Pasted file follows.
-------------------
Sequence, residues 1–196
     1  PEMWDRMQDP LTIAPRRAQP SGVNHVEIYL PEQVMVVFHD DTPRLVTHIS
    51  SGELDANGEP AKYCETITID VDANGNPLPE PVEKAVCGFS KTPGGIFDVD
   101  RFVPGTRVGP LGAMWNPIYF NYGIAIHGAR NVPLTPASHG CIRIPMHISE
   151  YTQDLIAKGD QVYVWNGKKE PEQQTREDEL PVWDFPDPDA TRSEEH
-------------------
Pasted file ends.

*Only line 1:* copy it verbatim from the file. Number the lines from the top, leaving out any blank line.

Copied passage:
Sequence, residues 1–196